Last post on Oct 01, 2011 at 1:52 PM
You are in the Subaru Legacy & Outback
What is this discussion about?
Subaru Legacy, Subaru Outback, Wagon
#2 of 21 Re: 97 Outback with 170K [russinger]
Mar 03, 2008 (9:31 pm)
With 170k, I would probably not offer more than 2k and that would be if it were in mint condition in and out. There are lots of things that can start to break down with 170k on the ticker.
Just my opinion.
#3 of 21 Re: 97 Outback with 170K [paisan]
Mar 04, 2008 (11:10 am)
Yeah, I am wondering where you are located, because that can have quite a bit of influence on price. My most immediate reservations would be head gaskets and transmission. If both those check out, it may work out to be a great purchase. Also, check the differential fluid... is it translucent or grey? I put 220K on my '96 Outback and it would still be on the road were it not destroyed last winter. 170K does not scare me off, but I would not want to pay $5,000 for a car that has needs. As long as it does not have needs, it sounds like a good bet to me.
My perspective is coming from Fairbanks, Alaska.
#4 of 21 Re: 97 Outback with 170K [xwesx]
Mar 04, 2008 (11:24 am)
I'm in Boise, ID and the car is local. The high mileage is really the only deal-breaker. I have a 96 Jetta with only 115K for comparison. At 170K that equates to 15.5K driven per year which isn't that bad...see where my indecision comes in?
The head gaskets have been replaced in their "front end Subaru maintenance", so yes, it could be a good deal...but "could" worries me. Thanks fellas.
#5 of 21 Re: 97 Outback with 170K [russinger]
Mar 04, 2008 (4:38 pm)
Used cars are always gambles. Sounds like this one had quite a bit of work put into it to take it from a $2,000 car to a $5,000 car. I purchased a Dodge Caravan, yes, a Caravan, with 170,000 miles on it last May for $4,000. I decided that if it gave me one year trouble-free, it would pay for itself. Two months to go....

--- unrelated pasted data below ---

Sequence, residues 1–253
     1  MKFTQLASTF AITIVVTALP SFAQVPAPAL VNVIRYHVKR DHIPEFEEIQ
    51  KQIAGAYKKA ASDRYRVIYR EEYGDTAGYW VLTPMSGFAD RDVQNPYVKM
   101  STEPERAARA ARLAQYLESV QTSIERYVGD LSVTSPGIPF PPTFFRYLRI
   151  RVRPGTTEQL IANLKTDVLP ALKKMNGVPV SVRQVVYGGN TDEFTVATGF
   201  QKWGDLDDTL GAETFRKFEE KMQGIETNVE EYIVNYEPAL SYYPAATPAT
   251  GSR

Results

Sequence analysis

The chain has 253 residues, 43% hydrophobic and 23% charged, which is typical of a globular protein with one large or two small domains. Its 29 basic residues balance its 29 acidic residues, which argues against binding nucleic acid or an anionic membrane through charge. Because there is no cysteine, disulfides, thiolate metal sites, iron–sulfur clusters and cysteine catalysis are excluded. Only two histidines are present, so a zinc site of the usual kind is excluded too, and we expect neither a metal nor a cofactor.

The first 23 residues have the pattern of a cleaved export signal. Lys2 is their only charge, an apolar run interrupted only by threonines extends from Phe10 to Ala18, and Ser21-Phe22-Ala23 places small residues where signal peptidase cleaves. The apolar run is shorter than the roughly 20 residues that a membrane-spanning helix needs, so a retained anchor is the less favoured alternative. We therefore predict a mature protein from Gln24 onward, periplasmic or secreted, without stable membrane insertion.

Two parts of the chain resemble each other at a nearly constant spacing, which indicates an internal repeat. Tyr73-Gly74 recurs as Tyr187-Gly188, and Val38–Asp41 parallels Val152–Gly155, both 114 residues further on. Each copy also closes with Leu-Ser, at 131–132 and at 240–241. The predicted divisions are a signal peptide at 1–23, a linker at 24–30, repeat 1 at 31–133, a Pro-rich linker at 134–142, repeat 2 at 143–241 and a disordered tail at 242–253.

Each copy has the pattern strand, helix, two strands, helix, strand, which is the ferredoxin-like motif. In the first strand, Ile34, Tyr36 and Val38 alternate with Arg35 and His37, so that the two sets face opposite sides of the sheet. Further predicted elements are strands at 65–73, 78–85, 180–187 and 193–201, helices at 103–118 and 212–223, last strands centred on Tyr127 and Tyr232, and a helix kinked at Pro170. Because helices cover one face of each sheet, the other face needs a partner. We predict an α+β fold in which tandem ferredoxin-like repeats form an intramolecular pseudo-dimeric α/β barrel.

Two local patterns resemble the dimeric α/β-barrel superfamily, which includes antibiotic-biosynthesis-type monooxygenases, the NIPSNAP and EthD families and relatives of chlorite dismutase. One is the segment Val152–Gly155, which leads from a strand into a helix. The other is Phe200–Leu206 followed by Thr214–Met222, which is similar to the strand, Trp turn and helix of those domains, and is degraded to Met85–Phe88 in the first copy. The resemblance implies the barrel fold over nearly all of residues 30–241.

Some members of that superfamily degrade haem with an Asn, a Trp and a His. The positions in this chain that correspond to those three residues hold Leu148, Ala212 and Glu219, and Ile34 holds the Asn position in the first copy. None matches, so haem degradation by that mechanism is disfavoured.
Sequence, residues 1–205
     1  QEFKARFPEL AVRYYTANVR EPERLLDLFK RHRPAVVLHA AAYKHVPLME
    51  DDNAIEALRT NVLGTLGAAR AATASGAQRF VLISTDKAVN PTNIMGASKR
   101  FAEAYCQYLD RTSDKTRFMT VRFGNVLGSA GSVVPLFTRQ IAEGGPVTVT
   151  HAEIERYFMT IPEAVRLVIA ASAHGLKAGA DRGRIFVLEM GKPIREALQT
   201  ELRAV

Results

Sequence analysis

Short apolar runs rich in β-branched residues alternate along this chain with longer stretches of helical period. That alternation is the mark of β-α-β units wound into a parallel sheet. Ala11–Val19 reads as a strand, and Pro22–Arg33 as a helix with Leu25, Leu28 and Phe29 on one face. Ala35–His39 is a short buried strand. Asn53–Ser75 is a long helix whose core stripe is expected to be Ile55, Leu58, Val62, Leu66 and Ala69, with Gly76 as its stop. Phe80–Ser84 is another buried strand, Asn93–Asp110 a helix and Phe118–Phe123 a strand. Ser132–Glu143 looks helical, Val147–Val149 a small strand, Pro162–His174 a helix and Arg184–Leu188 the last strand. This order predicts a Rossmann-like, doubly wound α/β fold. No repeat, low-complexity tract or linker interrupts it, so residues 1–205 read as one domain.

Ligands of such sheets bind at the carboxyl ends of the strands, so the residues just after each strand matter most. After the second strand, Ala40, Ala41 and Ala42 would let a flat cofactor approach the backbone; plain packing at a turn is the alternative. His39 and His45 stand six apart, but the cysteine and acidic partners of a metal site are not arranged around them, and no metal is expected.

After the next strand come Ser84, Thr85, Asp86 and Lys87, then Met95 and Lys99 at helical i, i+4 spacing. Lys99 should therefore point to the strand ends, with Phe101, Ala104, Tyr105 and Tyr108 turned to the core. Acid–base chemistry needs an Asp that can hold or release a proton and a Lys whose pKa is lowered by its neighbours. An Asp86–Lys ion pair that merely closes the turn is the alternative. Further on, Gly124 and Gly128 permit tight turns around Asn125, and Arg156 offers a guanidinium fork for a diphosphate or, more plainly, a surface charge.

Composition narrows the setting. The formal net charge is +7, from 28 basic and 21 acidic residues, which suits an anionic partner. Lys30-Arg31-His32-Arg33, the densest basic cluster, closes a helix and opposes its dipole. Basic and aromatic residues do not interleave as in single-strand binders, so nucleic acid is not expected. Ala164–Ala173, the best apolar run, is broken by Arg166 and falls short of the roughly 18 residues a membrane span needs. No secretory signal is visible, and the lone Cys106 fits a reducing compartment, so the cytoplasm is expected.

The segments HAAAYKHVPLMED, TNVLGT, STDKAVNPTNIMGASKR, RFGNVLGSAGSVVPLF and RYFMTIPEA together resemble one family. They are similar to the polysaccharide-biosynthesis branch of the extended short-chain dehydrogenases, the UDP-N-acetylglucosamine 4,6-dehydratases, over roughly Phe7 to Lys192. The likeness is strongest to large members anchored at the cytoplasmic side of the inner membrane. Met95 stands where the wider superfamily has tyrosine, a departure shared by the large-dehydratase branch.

Had I the choice of the car you are considering, I would be happy to plunk down an extra $1000 for the chance to give another old Outback a go. They are great cars and I love them. But, they do have some weak points that must be considered. Fortunately, head gaskets are a cheap (though time-intensive) job for a do-it-yourself'er.
#6 of 21 a little help
Mar 25, 2008 (1:41 pm)
I have a 1997 Outback with a 2.5 liter. I,m having a drivability issue with it in the rain. It loses all power and barely runs. I had a mechanic tell me he thought i had a compression issue but could not get a compression gauge on the car. The engine light is on, a misfire code. Any ideas?
#7 of 21 Re: a little help [mwhelan]
Mar 25, 2008 (5:43 pm)
I'd start with plugs and wires.
#8 of 21 Re: a little help [paisan]
Mar 25, 2008 (5:45 pm)
Yes, and if there are still problems after that, look at the Mass Airflow Sensor. If it is dirty, it can become sensitive to moisture. Water/moisture will suck quite a bit of energy out of bad spark plug wires.
#9 of 21 Re: a little help [xwesx]
Jul 26, 2009 (10:39 pm)
Have a similar issue, same model car '97 legacy outback with 198,000km. Whenever it gets humid and hot or heavy rain, the vehicle is sluggish. I have done spark plugs, its had engine tests before I bought the vehicle and they were good.
I have a engine light on (yellow) on all the time, it used to go on and off intermittently, but its on all the time, mechanic tells me its just a sensor and not to worry about it.
Any other ideas for me? (where would the mass airflow be? also).
#10 of 21 noise form differential
Aug 19, 2009 (10:46 am)
97 outback/ auto.212k mls noise from rearend when giving gas, let up or put in nuet. noise goes away. a mech said it was bad front differential, noise telescoping to rear thru d/shaft. i might drive 20 miles a wk. met/fileings in oil on dip/stk. do i need a new differential or could it be a bearing?
#11 of 21 Re: a little help [dliboiron]
Aug 19, 2009 (11:25 am)
Sorry that I never responded to this..... I was out of action for a couple of months here! The mass airflow sensor is located after the air filter box in the intake hose. It should be on the passenger side of the vehicle, and you will see a large connector w/ wires hooked up to a black box. Just disconnect the connector, loosen the clamps that hold he box in there, and pull it out! The sensor element runs through the middle of the opening in the box.